So, for instance, we had pompous American 'experts' telling us that wherever you can raise animals, you could do better raising crops. I'd like to see what crops they would grow on the Welsh mountains instead of having sheep eat grass. There were also long (long) swathes of the film about water consumption, telling us how much water we use to raise a pound of beef (all in gallons, of course). But they didn't point out a) how much this varies (I don't think those sheep are given much water) and b) how almost all the water 'consumed' in raising animals is rapidly released back into the wild. If a cow contained all the water they said was used in raising it, it would be the size of a skyscraper.

Of course America uses lots of water inappropriately for agriculture (strangely, the documentary didn't say how, for example, the almond industry, used to make make milk for the vegans the film praised, was one of the worst examples) - but it's misleading to suggest that somehow raising animals consumes vast amounts of water in some kind of permanent way. It leads to short term issues, particularly in regions of the US that aren't naturally water rich, but not to long-term global problems.

There were without doubt seriously dubious 'facts' in play. We were repeatedly told that animal agriculture produced 51% of greenhouse gasses (as CO2 equivalent). This was stated as 'fact'. Yet the figure comes from a single, non-peer reviewed paper, where the scientific consensus is around 18% - cherry picking at its worst. And even that figure has been called into question with 10% being a more likely amount. Similarly, the ratios of useful plant weight to useful meat weight in the film are wildly inaccurate. As George Monbiot points out 'If pigs are fed on residues and waste, and cattle on straw, stovers and grass from fallows and rangelands – food for which humans don't compete – meat becomes a very efficient means of food production. Even though it is tilted by the profligate use of grain in rich countries, the global average conversion ratio of useful plant food to useful meat is not the 5:1 or 10:1 cited by almost everyone, but less than 2:1. If we stopped feeding edible grain to animals, we could still produce around half the current global meat supply with no loss to human nutrition: in fact it's a significant net gain.'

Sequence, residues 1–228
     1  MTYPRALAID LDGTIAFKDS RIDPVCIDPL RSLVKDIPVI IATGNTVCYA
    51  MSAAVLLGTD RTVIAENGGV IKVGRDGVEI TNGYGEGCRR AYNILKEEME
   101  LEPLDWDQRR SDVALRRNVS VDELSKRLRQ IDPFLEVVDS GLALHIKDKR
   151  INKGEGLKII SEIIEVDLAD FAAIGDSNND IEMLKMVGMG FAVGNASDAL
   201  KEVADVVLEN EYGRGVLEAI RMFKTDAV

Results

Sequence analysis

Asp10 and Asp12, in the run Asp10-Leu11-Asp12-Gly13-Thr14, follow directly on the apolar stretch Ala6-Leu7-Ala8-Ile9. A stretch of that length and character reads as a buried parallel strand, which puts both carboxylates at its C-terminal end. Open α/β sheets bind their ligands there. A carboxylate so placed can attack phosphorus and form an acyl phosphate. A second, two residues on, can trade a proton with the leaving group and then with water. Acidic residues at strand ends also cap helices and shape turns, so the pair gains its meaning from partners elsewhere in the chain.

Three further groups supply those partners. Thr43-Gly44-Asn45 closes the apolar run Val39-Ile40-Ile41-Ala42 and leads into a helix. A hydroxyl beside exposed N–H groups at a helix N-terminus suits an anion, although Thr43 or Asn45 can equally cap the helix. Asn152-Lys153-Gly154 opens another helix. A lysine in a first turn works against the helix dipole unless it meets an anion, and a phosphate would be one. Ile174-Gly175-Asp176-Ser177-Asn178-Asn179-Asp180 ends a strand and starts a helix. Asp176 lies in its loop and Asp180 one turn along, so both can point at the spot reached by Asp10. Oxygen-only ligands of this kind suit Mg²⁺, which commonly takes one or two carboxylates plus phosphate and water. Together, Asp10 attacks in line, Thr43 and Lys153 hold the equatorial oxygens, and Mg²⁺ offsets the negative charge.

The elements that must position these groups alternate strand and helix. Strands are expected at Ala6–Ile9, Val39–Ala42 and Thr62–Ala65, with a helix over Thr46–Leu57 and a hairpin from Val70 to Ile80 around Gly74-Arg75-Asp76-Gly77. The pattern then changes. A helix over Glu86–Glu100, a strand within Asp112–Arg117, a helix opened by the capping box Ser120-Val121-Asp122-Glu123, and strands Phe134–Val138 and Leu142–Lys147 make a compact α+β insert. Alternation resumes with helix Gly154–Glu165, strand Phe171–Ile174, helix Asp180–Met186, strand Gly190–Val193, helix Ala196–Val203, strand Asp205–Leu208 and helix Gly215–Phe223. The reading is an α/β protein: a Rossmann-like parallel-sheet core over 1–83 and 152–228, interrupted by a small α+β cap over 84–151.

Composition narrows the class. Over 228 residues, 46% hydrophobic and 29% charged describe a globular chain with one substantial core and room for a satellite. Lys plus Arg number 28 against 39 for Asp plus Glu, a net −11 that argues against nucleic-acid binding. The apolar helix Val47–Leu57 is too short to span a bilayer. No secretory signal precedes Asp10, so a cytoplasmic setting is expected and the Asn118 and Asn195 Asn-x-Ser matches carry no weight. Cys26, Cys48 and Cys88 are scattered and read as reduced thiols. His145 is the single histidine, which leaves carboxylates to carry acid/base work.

However, the biggest problem was an either/or attitude. It's the same logical fallacy you often see used by Intelligent Design creationists. They say 'if mechanism A can't explain a particular biological feature then it must have been a designer. But it just means A is wrong, not B is right. Here it was 'the way Americans eat and raise meat is unsustainable.' True. So the world must stop eating meat. Which simply doesn't follow in any logical fashion.

Most hilarious were a set of images towards the end where the documentary maker 'saved' a chicken from being killed and fed assorted cows. Yet his entire argument up to this point was we shouldn't raise animals. So he should have been killing them, not 'saving' them. All emotion, no reasoning.

As you might gather, I wasn't convinced by Cowspiracy, though it did emphasise just how bad the American situation is. But more than that, it made me surer than ever that I am not the right audience for a documentary.

This has been a green heretic production.


  1. Thanks for the summary. I'll know what to expect when our national broadcaster shoves this down our throats.